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July 18, 2006

An old client comes in to you with a fender bender and, against your better judgment, you take it in.  Sure enough, you find that the other driver's insurance company is particularly nasty -- no names, but let's say theirs rhymes with "balls weight" -- and you're forced to try a case with a whopping $1700 in medical specials.  Sure, the jury gives you $6200, which is $3800 more than you were offered, but you're not satisfied:  in the spirit of "it's the principle of the thing," you file a motion for prejudgment interest.

And that perseverance puts an extra 600 bucks in your pocket -- well, $200 in yours, $400 in your client's -- because not only does the judge award you prejudgment interest, the court of appeals affirmed it a few weeks back in Sandifer v. Tighe.  The result isn't that surprising; the defendant kinda forgot to file the transcript of the hearing the trial court conducted on the issue.  For those of you unversed in appellate practice, your chances of showing that the lower court erred decline dramatically when you don't let the court of appeals in on what happened in the lower court.

The temptation to write off the result in Sandifer on that basis should be resisted, however, because the Court came to pretty much the exact same result five months ago in Szitas v. Hill  (the decision's now been reported at 165 OApp3d 439), holding that plaintiff was entitled to prejudgment interest where the specials had been $2200, the insurance company offered $3400, and the jury came back with $7500.

What's particularly noteworthy about Szitas is that the trial court had declined to award interest.  The appellate court's decision, then, was based on "abuse of discretion," which, loosely translated, means "we'll uphold the decision unless there was substantial evidence that the judge was foaming at the mouth when he rendered it."  For that reason, the trial court's decision is almost invariably affirmed.  But not here.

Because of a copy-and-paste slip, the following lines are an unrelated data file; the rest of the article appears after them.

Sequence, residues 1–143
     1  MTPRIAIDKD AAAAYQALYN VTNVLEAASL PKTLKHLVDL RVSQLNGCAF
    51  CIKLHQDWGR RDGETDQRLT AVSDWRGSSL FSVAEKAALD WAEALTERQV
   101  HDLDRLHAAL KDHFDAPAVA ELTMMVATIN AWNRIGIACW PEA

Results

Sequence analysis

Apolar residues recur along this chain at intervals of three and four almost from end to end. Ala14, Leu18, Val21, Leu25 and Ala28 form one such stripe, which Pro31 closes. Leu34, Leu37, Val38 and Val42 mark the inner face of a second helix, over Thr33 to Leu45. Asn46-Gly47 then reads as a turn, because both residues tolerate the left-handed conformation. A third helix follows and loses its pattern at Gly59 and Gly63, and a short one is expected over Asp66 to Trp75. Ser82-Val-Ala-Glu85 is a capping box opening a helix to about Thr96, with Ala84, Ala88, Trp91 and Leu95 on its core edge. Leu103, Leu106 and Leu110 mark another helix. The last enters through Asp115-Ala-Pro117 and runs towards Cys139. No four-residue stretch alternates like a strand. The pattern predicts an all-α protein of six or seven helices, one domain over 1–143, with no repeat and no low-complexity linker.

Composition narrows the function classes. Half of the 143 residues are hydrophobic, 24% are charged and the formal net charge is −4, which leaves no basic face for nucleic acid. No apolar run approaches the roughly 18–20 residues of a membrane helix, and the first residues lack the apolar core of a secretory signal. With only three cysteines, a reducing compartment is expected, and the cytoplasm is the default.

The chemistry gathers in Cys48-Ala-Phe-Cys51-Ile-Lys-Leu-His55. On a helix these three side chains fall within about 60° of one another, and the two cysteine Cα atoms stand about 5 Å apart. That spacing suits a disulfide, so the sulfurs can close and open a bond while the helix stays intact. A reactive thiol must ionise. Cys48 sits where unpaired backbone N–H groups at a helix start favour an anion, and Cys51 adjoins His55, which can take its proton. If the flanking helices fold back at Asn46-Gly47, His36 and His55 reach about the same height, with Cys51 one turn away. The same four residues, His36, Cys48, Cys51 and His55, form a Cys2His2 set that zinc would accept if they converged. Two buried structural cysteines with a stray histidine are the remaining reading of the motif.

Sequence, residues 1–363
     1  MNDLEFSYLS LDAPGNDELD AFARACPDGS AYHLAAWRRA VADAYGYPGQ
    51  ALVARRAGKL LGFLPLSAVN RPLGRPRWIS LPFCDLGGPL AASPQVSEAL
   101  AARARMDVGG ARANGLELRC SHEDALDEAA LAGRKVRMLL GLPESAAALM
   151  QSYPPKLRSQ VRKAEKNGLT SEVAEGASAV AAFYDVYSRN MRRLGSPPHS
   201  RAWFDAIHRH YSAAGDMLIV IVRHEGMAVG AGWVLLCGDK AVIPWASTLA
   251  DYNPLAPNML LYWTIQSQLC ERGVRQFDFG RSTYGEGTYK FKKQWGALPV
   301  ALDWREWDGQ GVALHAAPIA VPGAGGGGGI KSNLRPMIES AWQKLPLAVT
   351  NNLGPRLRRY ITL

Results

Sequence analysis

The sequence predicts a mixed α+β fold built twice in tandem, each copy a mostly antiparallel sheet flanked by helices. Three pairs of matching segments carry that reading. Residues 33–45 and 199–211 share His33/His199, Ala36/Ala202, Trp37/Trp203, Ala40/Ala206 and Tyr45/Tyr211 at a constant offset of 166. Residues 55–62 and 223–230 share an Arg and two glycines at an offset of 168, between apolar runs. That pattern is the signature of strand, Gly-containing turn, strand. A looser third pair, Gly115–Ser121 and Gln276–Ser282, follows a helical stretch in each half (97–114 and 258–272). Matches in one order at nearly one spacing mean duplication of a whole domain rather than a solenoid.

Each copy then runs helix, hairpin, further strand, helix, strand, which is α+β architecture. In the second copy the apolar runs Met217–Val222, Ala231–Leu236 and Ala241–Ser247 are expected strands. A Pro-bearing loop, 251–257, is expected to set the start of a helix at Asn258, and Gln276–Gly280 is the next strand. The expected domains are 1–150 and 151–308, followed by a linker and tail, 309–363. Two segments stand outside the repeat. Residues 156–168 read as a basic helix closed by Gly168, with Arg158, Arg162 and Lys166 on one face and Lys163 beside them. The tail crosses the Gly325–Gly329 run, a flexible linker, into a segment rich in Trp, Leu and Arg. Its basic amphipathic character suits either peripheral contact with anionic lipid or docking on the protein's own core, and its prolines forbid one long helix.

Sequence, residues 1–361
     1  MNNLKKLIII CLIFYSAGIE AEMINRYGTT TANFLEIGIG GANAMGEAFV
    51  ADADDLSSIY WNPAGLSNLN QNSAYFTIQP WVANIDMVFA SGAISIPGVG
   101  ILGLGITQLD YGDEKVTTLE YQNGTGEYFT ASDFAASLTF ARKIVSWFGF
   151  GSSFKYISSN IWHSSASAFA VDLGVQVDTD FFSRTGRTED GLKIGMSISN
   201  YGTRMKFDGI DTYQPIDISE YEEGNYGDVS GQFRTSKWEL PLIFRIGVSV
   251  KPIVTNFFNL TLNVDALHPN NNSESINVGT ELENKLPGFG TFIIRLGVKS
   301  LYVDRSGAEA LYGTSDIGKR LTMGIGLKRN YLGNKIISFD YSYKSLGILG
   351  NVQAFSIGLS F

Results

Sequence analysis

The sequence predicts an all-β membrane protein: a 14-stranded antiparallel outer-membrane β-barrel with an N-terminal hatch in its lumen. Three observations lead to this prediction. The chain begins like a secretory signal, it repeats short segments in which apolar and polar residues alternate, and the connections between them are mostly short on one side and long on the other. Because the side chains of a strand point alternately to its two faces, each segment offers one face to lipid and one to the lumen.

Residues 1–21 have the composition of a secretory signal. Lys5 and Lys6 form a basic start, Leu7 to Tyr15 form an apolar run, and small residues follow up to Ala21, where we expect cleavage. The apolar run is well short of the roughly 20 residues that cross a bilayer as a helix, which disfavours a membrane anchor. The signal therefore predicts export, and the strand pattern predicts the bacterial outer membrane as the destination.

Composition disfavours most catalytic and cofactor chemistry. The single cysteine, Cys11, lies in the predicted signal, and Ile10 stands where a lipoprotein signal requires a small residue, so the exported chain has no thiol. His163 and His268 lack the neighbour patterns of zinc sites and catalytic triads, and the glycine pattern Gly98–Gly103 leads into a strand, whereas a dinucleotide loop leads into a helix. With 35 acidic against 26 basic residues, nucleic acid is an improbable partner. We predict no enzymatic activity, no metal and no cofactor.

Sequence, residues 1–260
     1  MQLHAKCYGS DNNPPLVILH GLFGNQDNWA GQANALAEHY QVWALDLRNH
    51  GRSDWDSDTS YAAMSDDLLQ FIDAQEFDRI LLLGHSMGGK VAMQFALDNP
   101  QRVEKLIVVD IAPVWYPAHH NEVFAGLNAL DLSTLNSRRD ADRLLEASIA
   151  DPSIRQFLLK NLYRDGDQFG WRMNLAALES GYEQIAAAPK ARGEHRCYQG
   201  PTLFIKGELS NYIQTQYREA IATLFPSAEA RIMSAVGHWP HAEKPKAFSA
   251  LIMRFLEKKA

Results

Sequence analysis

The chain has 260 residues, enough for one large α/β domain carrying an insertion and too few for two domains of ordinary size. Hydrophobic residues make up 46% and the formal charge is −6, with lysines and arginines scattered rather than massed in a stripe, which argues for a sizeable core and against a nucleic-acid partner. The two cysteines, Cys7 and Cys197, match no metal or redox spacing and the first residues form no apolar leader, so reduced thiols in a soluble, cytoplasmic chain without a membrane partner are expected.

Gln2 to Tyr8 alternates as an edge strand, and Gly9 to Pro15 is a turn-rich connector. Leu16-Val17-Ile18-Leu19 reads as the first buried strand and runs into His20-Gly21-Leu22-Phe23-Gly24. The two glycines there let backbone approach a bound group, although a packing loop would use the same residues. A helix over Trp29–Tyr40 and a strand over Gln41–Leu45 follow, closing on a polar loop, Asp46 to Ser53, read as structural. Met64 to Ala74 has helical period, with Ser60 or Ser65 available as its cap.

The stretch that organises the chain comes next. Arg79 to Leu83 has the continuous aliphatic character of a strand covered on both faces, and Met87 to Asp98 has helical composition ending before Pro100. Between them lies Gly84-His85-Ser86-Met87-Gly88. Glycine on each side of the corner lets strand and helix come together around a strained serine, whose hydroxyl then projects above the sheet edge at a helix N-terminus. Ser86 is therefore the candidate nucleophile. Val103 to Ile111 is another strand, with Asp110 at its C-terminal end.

It's tempting to think that Szitas and Sandifer represent a trend, and in truth, there seems to be more of a tendency in the past couple of years for our court to affirm awards of prejudgment interest, as they did here, here, and here.  And there's some good arguments raised in them.  Last year in Meehan v. Johnsfor example, the court held prejudgment interest was appropriate where the defendant didn't concede the plaintiff's injury, but failed to obtain or present expert testimony refuting it.  This could put you in the driver's seat -- no pun intended -- if the insurance company doesn't get an "independent" medical examination but still contests the nature of the injury, which it almost invariably does.

Still, don't get carried away.  There are plenty of decisions which uphold denials of prejudgment interest, such as Ready v. Barfield, decided only a month before Sandifer.  The court in Ready decided that the plaintiff wasn't even entitled to a hearing on prejudgment interest, despite an offer of $3600 and a jury award of almost $10,000.  Then again, the plaintiffs had made a demand of $32,000, based largely on $15,000 in lost wages (as compared to an ER bill, $760 for physical therapy, and another $143 for prescriptions), so maybe the real conclusion in Ready was that if anybody wasn't evaluating the case realistically, it was the plaintiff.

The bottom line?  It depends on the judge, and it depends on the panel in the court of appeals.  Not that that's unusual, but probably more so here than in other situations.

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